The MIPMC Research Group at Northumbria University provides a hub for staff and postgraduate researchers who are engaged with the analysis of the moving image and popular media in all its forms, from theoretical, historical, practice-based, industrial and empirical/sociological perspectives
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Johnny Walker

AHRC Fellowship, 2021: Raising hell: British horror Cinema in the 1980s and 1990s

Before its re-launch in the mid-2000s, Britain’s most iconic producer of horror movies, Hammer Films, ceased feature film production in 1979. For some, this sounded the death knell for domestic horror production, prior to the genre’s “rebirth” in the early 2000s with mainstream hits such as 28 Days Later (2002). While little-acknowledged, the intervening two decades saw numerous domestic horror productions materialise, enjoying varying levels of success and international exposure, albeit rarely in cinemas. Indeed, British horror’s presence was most felt in the nascent video cassette market. 

This project, “Raising Hell: British Horror Cinema in the 1980s and 1990s”, aims to explore what British horror film production of the 1980s and 1990s reveals about contemporaneous film culture and society in Britain. It seeks to plug gaps in dominant scholarly and popular narratives regarding commercial filmmaking, and argue that the significance of the genre to the period in question has been understated. The project argues that past histories of British film take too much for granted regarding British horror’s non-/marginal presence in cinemas during the 1980s and 1990s and that judgments as to the quality (or lack thereof) of the films produced typically precludes meaningful analysis.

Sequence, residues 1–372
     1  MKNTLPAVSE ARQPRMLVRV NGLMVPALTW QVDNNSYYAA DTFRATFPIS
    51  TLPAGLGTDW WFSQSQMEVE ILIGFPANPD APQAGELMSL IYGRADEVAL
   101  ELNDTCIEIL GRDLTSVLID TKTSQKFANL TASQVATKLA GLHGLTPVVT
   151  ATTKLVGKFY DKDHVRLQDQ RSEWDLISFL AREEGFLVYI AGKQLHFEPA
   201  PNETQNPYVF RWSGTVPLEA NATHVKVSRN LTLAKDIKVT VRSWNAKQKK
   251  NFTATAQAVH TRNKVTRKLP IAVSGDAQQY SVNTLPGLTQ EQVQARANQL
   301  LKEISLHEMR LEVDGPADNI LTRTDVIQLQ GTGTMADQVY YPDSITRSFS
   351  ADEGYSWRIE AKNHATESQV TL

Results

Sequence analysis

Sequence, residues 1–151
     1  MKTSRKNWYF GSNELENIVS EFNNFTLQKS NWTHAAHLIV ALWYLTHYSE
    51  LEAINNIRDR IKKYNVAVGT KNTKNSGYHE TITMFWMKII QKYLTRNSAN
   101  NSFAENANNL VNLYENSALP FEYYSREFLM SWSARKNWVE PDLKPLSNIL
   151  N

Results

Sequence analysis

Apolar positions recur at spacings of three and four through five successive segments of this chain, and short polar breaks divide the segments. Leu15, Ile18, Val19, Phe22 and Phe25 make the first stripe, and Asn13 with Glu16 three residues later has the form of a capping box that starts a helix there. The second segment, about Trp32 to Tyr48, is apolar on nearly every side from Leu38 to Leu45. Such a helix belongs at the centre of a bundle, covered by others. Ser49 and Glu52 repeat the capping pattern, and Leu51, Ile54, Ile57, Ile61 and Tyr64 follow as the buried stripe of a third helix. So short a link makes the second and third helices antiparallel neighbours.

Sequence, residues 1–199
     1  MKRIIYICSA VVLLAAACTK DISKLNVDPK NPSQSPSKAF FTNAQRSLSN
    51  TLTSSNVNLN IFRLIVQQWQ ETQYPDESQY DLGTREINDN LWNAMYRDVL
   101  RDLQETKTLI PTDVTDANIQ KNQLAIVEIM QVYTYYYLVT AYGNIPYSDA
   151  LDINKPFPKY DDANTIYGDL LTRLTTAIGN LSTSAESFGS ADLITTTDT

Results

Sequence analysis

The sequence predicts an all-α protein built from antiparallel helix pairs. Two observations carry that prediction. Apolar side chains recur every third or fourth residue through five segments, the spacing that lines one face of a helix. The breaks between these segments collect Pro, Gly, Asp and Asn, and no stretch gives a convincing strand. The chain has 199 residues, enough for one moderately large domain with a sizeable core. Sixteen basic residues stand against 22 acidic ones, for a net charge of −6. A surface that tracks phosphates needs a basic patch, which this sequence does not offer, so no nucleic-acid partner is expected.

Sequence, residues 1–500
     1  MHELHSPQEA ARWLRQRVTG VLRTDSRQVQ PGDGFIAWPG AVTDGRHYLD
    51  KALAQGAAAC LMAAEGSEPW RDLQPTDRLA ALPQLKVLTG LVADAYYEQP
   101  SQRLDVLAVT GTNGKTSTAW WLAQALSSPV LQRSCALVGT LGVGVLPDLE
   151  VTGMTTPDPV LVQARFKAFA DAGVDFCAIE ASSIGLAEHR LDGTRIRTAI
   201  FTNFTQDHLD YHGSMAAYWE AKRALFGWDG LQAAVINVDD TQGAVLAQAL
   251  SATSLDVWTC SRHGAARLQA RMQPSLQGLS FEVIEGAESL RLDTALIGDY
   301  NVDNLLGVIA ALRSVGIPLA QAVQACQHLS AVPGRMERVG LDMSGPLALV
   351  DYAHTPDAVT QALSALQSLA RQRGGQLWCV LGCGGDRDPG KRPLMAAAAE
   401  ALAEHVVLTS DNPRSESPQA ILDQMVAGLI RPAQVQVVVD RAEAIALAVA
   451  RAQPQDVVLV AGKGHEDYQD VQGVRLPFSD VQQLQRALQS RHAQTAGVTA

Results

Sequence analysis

By locating British horror films within an industrial and socio-cultural context, the project seeks to identify the key players in horror film production, the resources that were available to them, how they navigated the tumultuous climate of increased film censorship and new legislation pertaining to video, and the extent to which their films are socially engaged. It will show that “British horror” during the period under scrutiny was a broad church straddling various budgets and distribution trajectories, from mainstream money-spinners (e.g. The Shining and Hellraiser) to amateur works (e.g. Invitation to Hell and Bad Karma). A more nuanced examination of domestic horror film production during the 1980s and 1990s will enable a greater understanding of the history of popular British cinema, and the lasting impact of this period on the present.